Characterizing mechanisms of protein homeostasis, a process of balancing between protein synthesis and protein degradation, is important for understanding the potential causes of human diseases. The ubiquitin–proteasome system (UPS) is a well-studied mechanism of protein catabolism, which is responsible for eliminating misfolded, damaged, or aging proteins, thereby maintaining quality and quantity of cellular proteins. The UPS is composed of multiple components, including a series of enzymes (E1, E2, E3, and deubiquitinase [DUB]) and 26S proteasome (19S regulatory particles + 20S core particle). An impaired UPS pathway is involved in multiple diseases, including cancer. Several proteasome inhibitors, such as bortezomib, carfilzomib, and ixazomib, are approved to treat patients with certain cancers. However, their applications are limited by side effects, drug resistance, and drug–drug interactions observed in their clinical processes. To overcome these shortcomings, alternative UPS inhibitors have been searched for in many fields. Copper complexes (e.g., CuET, CuHQ, CuCQ, CuPDTC, CuPT, and CuHK) are found to be able to inhibit a core component of the UPS machinery, such as 20S proteasome, 19S DUBs, and NPLOC4/NPL4 complex, and are proposed to be one class of metal-based anticancer drugs. In this review, we will summarize functions and applications of copper complexes in a concise perspective, with a focus on connections between the UPS and cancer.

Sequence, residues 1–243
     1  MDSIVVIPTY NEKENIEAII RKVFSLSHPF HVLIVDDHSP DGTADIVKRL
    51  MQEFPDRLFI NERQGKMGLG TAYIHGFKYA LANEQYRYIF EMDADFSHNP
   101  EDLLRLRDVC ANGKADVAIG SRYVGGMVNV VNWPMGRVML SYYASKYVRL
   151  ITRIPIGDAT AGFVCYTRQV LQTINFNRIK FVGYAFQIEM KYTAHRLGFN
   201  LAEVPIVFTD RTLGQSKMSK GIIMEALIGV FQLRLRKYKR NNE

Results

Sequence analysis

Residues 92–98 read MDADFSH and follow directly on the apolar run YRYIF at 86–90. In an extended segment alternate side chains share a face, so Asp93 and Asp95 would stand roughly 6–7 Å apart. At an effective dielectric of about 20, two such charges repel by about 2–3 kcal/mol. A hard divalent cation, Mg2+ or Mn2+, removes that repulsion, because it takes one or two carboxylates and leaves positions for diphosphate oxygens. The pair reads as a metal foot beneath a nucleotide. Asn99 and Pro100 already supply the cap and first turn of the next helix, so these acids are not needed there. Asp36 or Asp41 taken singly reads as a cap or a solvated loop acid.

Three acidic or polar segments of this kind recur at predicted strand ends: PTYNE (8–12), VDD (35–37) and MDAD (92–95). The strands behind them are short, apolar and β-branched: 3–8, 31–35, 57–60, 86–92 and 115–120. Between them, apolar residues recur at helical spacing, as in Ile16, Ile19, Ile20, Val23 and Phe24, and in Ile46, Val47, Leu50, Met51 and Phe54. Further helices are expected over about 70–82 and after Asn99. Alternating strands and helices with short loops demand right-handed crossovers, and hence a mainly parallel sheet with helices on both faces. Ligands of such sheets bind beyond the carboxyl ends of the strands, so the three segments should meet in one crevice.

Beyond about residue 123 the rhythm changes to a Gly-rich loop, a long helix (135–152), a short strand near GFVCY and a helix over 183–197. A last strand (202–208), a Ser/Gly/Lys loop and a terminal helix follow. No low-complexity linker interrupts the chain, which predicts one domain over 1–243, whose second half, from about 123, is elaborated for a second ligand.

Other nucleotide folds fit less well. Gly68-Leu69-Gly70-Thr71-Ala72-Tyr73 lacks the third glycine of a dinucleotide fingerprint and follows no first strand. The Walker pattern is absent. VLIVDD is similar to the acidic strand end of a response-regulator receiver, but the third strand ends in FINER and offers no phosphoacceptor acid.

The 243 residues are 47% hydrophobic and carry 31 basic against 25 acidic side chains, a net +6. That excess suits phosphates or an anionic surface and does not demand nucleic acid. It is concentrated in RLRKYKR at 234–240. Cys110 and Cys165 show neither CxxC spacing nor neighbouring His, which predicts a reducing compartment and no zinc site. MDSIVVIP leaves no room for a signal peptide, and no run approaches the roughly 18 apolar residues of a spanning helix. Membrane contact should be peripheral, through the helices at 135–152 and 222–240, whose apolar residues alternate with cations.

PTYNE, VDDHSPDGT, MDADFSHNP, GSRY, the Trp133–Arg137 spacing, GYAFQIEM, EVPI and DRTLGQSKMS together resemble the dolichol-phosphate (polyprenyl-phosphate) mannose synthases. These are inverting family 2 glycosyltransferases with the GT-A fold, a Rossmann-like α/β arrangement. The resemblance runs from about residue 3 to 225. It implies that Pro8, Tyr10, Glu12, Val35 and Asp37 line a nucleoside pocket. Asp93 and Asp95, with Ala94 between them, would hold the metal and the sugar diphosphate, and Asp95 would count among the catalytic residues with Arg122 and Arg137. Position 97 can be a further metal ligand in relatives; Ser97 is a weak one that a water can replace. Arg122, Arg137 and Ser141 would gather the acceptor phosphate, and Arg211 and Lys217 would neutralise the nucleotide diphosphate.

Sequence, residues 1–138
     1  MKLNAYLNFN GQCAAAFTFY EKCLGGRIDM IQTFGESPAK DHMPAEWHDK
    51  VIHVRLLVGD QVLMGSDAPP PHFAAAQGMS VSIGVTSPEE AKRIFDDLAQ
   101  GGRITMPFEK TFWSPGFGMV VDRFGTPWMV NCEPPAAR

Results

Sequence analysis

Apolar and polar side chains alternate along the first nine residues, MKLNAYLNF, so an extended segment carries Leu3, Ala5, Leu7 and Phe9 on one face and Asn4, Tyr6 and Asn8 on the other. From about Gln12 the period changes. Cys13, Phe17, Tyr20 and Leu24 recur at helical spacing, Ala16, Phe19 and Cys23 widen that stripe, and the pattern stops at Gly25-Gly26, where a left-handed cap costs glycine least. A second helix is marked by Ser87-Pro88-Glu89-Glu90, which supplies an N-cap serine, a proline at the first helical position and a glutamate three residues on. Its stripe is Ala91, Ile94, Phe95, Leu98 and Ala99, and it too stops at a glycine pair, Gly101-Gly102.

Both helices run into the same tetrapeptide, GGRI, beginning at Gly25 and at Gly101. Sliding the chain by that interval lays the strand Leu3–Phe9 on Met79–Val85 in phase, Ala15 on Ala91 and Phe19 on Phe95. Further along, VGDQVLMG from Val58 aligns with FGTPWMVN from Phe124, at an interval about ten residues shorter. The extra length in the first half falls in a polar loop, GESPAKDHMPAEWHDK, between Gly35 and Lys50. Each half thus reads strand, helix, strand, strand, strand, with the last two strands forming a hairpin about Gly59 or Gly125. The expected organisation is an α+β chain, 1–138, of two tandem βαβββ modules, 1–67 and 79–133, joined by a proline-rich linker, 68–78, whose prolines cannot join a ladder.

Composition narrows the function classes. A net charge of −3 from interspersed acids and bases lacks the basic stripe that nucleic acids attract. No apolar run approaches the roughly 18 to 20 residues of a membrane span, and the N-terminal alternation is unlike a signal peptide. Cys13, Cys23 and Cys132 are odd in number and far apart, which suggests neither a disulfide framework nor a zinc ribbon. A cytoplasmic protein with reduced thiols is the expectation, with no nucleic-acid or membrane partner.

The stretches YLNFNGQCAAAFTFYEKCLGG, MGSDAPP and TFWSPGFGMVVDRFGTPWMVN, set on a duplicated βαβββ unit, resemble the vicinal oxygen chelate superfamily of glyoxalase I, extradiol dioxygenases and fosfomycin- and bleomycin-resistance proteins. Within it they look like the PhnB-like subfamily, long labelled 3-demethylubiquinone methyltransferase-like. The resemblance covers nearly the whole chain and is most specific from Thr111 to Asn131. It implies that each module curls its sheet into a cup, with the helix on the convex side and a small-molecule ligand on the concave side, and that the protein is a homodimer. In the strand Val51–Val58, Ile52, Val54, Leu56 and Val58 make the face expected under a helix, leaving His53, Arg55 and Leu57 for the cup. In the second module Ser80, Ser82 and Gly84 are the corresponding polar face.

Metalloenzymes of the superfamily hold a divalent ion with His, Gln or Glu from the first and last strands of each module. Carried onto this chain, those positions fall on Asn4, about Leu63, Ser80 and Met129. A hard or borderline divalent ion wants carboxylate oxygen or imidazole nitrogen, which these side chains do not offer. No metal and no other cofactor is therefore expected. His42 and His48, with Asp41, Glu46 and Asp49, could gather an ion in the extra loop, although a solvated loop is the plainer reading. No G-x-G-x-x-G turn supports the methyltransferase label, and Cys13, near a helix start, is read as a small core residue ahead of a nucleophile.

- copper complex
ASJC Scopus subject areas
- Biochemistry, Genetics and Molecular Biology (miscellaneous)
- Molecular Biology